What I learned from the year I decided to establish more balance in my life.
Every December I like to look back over my progress and set some fresher intentions for the following year. In 2018 three significant things happened to me that made it rich in learning:
My close friend Jayne died
I turned 50
I visited Mozambique to support an education programme
Alongside these events, this was the year I decided to live by the mantra of “contribute, play and relax”, as opposed to pouring my energy into “work, work, work”. This decision, combined with these three experiences, has defined my year and transformed my perspective on how I can lead a fulfilling life. Below, I’ve distilled what I’ve learnt and shared some questions, which helped me reflect on personal learnings and intentions for 2019.
What and who are you grateful for?
It is easy to come across all Pollyanna when you ask this but my gratitude ran deeper than ever before in 2018. My close friend Jayne ended her life as a result of severe clinical depression. In the months leading up to her death she taught me not to take my mental health for granted, something I’d never fully considered before. I also learnt to appreciate the importance of enjoying and being there for loved ones. I spent precious time with her before her death; which I’ve written about in this post.
My trip to Mozambique also brought out strong feelings of gratitude, reminding me of the pleasure and privilege I experience in everyday life from things like hot showers and a nutritious diet - luxuries that are denied to many.
Where can you contribute?
Contribution has been an ongoing theme for me in 2018, as this was the year I decided to replace the concept of work with the idea of contributing. This has been about finding more meaning in my life by being more deliberate about what I do and spending time on things I feel really make a difference. I still ‘work’ but have more of a sense of the reason why I do what I do. Each time I take this approach, I find I get back more than I give. For example, I went to Africa to support education, but I came back educated myself, having learnt valuable lessons about gratitude, personal resilience and generally gaining a much broader perspective.
Where is your focus?
Another way that Jayne’s death affected me was by reminding me to focus on what really matters because life is short and it is easy to get caught up in things you’re not truly passionate about, leaving you feeling overstretched and drained. Focus is key to deciding how you want to spend your time and making you more resilient. If you understand the ‘why’ behind what you do, you can endure the ‘what’. Here are some points to remember if you’re not sure how to stay focussed:
Ask yourself who in your life you would regret not spending time with if you could not see them anymore.
Reevaluate your approach to work: do you know why you are doing what you do? Is it in line with the things you value most in life and your sense of personal purpose? If not, it might be time to re-prioritise.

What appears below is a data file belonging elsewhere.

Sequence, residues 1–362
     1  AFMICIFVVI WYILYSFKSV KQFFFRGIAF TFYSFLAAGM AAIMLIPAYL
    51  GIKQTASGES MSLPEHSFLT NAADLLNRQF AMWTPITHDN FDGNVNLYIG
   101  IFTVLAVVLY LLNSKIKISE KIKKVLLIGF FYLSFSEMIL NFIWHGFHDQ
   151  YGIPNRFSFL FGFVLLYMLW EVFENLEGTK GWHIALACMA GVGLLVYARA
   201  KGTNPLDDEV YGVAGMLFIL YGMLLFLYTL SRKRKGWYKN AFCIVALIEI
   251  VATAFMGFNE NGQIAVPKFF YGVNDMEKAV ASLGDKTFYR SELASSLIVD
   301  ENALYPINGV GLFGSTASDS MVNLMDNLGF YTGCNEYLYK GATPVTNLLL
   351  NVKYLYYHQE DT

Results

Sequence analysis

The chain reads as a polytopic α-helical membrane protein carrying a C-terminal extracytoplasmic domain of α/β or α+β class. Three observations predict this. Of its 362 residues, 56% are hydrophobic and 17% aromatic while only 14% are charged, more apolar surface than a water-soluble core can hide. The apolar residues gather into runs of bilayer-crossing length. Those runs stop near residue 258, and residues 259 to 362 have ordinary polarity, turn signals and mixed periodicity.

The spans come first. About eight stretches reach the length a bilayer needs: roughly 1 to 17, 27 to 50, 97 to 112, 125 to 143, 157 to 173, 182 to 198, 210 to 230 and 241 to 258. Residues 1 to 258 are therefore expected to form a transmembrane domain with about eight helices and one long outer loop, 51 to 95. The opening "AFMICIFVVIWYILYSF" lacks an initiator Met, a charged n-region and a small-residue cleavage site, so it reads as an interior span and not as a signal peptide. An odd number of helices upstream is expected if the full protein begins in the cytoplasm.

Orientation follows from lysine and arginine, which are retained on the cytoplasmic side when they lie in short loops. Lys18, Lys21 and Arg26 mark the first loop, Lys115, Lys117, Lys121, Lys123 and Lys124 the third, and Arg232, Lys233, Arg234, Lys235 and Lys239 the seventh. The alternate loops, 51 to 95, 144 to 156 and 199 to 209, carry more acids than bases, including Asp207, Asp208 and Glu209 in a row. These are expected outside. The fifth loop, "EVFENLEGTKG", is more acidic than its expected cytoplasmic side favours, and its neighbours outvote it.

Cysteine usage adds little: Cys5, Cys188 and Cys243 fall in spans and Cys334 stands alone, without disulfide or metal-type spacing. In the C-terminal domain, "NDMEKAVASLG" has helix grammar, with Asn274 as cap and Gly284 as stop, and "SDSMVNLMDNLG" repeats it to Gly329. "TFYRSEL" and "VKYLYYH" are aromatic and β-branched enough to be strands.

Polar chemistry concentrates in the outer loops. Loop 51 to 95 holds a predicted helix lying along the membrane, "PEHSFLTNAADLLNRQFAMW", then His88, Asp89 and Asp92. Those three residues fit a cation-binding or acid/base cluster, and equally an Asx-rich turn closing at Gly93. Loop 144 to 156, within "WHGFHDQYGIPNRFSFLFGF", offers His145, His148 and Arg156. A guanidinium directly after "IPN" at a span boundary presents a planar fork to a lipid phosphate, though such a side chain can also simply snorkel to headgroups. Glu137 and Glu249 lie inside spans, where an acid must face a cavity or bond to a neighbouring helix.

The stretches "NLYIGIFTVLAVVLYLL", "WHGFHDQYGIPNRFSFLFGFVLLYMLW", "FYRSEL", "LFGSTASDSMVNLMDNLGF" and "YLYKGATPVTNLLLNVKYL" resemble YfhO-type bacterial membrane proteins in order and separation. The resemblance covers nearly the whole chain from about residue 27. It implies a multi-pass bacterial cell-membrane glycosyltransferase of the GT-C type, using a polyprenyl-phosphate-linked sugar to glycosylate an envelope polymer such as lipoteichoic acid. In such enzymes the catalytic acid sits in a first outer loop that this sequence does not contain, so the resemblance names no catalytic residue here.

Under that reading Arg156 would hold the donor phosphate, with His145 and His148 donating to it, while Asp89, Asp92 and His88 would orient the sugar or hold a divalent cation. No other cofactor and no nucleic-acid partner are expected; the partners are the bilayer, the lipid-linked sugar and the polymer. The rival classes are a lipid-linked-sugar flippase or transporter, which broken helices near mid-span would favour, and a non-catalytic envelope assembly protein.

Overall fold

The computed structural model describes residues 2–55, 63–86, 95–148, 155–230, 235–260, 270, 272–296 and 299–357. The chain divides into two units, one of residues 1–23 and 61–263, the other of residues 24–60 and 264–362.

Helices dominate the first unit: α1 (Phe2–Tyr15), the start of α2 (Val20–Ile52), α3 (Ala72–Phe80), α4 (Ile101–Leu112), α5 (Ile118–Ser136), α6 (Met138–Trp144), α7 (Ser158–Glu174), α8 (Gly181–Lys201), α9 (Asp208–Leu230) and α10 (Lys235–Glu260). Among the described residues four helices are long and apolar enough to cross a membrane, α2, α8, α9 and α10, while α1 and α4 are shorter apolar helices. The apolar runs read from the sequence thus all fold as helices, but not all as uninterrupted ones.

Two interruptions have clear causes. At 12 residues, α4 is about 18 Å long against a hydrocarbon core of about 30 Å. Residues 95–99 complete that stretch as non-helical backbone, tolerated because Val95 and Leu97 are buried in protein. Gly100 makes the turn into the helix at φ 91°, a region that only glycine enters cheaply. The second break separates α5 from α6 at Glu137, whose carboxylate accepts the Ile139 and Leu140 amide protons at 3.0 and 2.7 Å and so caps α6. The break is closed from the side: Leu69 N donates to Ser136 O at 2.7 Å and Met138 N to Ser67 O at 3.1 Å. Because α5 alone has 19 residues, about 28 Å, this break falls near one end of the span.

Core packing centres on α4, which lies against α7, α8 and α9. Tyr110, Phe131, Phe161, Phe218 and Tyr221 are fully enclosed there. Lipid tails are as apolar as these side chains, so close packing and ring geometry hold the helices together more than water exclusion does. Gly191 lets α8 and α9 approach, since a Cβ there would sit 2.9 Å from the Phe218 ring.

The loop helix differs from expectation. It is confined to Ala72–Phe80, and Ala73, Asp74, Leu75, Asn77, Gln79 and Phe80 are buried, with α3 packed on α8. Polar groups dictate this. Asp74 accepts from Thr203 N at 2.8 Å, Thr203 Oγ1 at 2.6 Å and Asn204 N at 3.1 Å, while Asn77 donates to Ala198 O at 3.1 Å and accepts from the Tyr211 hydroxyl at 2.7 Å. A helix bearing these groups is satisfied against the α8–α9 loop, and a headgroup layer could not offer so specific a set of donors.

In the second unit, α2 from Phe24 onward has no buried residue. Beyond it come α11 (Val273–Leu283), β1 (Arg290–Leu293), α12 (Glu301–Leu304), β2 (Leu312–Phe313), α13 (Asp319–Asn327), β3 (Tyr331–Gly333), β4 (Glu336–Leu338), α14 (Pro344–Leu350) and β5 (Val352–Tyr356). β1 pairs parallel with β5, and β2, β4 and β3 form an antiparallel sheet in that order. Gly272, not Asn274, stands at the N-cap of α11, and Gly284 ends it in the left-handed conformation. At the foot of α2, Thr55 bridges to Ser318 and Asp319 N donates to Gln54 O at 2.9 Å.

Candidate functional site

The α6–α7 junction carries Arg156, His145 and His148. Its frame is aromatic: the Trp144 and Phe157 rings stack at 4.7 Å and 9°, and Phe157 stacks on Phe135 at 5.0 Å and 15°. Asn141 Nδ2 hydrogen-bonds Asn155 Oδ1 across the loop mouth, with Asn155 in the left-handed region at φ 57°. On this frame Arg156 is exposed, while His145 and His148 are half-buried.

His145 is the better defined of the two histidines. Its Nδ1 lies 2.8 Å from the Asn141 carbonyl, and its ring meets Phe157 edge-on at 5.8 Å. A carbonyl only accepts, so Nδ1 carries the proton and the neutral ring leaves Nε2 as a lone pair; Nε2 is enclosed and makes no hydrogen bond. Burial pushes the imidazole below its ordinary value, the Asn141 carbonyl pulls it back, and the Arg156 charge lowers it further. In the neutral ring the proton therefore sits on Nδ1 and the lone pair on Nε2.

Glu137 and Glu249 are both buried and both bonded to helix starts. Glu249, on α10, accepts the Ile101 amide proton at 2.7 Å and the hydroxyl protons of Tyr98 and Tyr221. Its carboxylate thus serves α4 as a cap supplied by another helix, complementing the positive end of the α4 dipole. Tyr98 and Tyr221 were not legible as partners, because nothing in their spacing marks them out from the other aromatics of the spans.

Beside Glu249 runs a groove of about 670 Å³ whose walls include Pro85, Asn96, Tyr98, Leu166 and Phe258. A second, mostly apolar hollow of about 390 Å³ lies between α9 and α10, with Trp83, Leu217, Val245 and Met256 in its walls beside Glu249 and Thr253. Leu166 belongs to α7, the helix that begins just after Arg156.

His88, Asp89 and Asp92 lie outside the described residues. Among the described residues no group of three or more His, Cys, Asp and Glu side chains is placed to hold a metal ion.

Remember it’s usually about trade-offs. What’s the most important thing? This means you will have to say no to some things to prioritise others.
Set your intentions at the start of the week to stay focused and ensure you don’t get sidetracked.
How can you “lighten up”?
As someone who has dedicated the last few decades to “serious” work I’ve decided I want to blend play, contribution and relaxation in my next decade. Play is more than taking my nephew to the park or my nieces for supper (although they are some of my favorite things in the world). It’s about not taking life so seriously, laughing, smiling and lightening up in the face of the intensity life can bring.
Part of the being 50 has been acknowledging my ageing process with lightness too. I’m coming to see that although it brings significant changes such as the (often unspoken) menopause, I am also a lot more experienced and wiser than I was in my twenties and thirties. I could not enjoy the opportunities I have today without my years of experience, which includes successes and mistakes. So in aging you both lose and gain things, which feels like a fair exchange.
When do you relax?
I’ve just been running a programme on leading sustainable growth, where we talk a lot about resilience, trade offs and prioritisation. The answer to personal sustainability is probably not an annual fortnight on the beach. It is finding time every week where you can restore energy and rest up. For instance, an early night mid week could help prevent exhaustion by the end of the week and enable you to enjoy the weekend without spending the whole of it recuperating.
Where and how do you want to be in three to five years’ time?
Of course, some ambitions cannot be achieved in a twelve month timeframe. Setting yourself some exciting or inspiring intentions for the next few chapters enables you to dream bigger and establish a sustainable path towards them. This might not be a solitary exercise. Who else do you need to involve? Paul (my husband) and I are working towards collective goals as well as our individual ones and are supporting each other in achieving them.
So, to sum up, 2018 has only been the start on my journey towards establishing a blend of contributing, playing and relaxing. As I look to next year I am set to use my time differently, integrating and combining them in everything I do, rather than seeing them as separate entities.. I am also going to add physical fitness. So I’ll focus on four areas: contribution and play, relaxation and movement.
I know life will bring surprises that can change these priorities but by looking at everything in relation to the contribution I want to make and upholding my personal purpose and values, I know I’ll have a much better chance of finding fulfillment in my journey and maintaining my passion, energy and resilience.
Thanks for reading and here’s to a healthy and happy 2019. Let me know your intentions.